Published: 31st July 2020
NEP 2020: Will gap year, semester flexibility actually make a difference to the Indian student?
Higher education Institutes will also have the flexibility to offer different designs of Masters programmes. Students will be able to choose combination of subjects even if they are unrelated
'College dropout' sounds awkward, doesn't it? Well, the Education Ministry of the Modi Government has changed how we looked at a college education. You can now leave college in any given year and will be awarded a certificate, diploma or degree depending on which year you leave.
An undergraduate degree will be of either three or four-year duration, with multiple exit options within this period, with appropriate certifications, said the ministry, as it announced the NEP. "The four-year programme may also lead to a degree 'with research'. A student can obtain a diploma after completing one year or an advanced diploma in a discipline or field (including vocational and professional areas) after completing two years of study or obtain a Bachelors degree after a three-year programme," read the NEP 2020 document. "The four-year Bachelor's programme with multi-disciplinary education, however, shall be the preferred option since it allows the opportunity to experience the full range of holistic and multi-disciplinary education with a focus on the chosen major and minors as per the choice of the student. For this purpose, there shall be an Academic Bank of Credit (ABC) which could digitally store the academic credits earned from various recognised HEIs so that the degrees from an HEI can be awarded taking into account credits earned," it added.
Adding academic credit points for each step would be a good incentive, said Deewanshi, a second-year student of Delhi University. "I think this is a great thing because with every step you will have academic credit points which can be used later and thus even as a drop out no amount of effort will go waste. Every step will be important and taken into consideration," she added.
On face value, 'multiple-exit options' seem to be a welcome innovation, said Suchintan Das, from St Stephen's College, but there are concerns that need attention. "However, it is not new. There was an option for completing a bachelor's degree without honours after the second year in the pre-CBCS annual system as well. What concerns me is the possibility of using 'multiple-exit option' as a euphemism for justifying drop-outs, especially for students from marginal communities and underprivileged backgrounds. Unless this is underwritten by a commitment of public funding (grants and not loans), this might just be used to prop up comforting statistics while hiding the ugly picture of college-dropouts in India," he said.
Dakrushi Sahu, a student of Labour studies in JNU said that this step might as well put students coming from marginalised backgrounds in a dilemma. "What and how qualitative skills a certificate holder or a diploma holder will possess that will make him/her employable is the question now. It will be a dilemma for students coming from the lower strata of society. It's also not clear what kinds of jobs will be available for them in the era of highly increased competition in the job market," he said. and added, "This system will increase the gender bais in a conservative society like India. Girls will be forced to go for a shorter duration of the course."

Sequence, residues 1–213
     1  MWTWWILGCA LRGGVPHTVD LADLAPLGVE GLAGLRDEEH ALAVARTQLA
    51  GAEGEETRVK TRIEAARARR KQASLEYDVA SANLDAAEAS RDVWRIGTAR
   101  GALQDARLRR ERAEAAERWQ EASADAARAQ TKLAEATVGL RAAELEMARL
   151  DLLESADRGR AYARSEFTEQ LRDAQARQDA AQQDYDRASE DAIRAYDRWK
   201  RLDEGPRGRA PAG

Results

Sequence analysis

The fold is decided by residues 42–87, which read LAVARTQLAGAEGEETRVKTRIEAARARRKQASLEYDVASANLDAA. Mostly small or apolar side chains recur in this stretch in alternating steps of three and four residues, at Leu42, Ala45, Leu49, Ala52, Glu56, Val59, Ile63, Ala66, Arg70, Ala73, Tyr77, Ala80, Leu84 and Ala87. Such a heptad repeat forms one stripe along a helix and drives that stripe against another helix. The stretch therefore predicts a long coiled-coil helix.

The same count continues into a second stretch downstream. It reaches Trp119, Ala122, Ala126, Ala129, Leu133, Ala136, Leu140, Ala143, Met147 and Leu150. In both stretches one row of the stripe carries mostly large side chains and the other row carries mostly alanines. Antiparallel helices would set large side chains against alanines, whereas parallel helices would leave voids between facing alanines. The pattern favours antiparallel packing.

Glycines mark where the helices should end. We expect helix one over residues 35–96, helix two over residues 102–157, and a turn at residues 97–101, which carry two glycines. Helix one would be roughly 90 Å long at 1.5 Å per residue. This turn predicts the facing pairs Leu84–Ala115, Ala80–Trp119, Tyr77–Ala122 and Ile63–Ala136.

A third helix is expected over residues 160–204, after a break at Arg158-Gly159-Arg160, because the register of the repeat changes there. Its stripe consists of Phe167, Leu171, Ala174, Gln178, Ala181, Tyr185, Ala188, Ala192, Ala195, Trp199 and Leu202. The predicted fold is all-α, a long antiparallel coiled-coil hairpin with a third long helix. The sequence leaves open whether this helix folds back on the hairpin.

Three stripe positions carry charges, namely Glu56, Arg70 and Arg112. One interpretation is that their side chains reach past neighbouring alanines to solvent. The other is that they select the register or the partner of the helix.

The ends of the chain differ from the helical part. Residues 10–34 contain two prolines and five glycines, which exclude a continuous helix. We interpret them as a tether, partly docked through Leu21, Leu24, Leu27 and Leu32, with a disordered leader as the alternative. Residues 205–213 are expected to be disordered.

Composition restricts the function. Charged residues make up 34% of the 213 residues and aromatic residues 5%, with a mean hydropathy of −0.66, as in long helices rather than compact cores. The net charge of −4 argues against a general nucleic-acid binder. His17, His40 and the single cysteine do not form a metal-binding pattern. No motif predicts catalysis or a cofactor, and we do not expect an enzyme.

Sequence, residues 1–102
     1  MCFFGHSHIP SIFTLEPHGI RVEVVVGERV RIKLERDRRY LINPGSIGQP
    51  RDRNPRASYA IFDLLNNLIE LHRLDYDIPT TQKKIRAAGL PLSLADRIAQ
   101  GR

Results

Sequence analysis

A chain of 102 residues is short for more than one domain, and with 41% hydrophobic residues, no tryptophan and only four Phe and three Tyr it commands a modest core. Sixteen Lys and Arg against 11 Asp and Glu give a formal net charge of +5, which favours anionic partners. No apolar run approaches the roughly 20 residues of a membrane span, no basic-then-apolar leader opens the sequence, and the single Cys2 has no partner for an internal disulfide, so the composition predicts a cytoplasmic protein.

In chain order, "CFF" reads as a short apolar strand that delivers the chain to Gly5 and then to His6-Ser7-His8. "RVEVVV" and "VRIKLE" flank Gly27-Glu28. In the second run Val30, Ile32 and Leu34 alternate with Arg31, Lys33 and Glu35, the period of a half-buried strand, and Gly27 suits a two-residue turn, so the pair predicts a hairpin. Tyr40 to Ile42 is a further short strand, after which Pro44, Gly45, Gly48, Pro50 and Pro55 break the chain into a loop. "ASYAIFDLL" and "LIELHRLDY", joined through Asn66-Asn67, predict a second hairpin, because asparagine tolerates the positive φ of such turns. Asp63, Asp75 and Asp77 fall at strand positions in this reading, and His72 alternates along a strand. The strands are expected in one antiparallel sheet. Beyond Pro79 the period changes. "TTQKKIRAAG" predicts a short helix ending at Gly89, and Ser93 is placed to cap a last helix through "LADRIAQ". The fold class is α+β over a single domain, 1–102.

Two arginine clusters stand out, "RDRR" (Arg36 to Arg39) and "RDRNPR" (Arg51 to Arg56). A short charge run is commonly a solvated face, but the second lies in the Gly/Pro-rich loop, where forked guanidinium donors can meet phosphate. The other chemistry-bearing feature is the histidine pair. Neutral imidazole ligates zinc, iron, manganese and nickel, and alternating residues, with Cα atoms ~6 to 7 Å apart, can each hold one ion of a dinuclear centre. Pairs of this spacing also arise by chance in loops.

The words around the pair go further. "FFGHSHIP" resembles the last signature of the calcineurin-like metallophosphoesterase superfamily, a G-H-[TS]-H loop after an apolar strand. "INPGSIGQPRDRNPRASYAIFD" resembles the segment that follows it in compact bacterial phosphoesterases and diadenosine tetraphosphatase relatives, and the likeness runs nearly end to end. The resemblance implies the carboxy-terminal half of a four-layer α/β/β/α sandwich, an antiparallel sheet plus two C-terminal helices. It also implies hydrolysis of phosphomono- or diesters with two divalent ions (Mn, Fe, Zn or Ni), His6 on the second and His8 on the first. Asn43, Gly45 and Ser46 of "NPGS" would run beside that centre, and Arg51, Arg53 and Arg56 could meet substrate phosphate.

Pallavi Raj, a student from DU agreed with Dakrushi and added, "There are chances that the gender balance in the overall educational set up be altered disfavouring female students, as the parents who are already unwilling to send their female child to pursue higher education outside their residential state, would be satisfied by the so-called "one-year certification programme" bringing the female student back at home leading to discontinuation for further education of the females. Also, what purpose will a certificate of one year of diploma serve a student, he/she would not be able to be qualified even as a clerk. There is no substantive use of a one-year diploma course in subjects like that if liberal arts (political science, history, geography) unless the student has studied it for at least three or four years," she added.
Higher education institutes will also have the flexibility to offer different designs of Masters programmes — there may be a two-year programme with the second year devoted entirely to research for those who have completed the three-year Bachelors' programme; for students completing a four-year Bachelors programme with Research there could be a one-year Masters programme and there may be an integrated five-year Bachelor’s/Masters programme. "Undertaking a PhD shall require either a Master’s degree or a 4-year Bachelor’s degree with Research. The MPhil programme shall be discontinued," said the NEP 2020.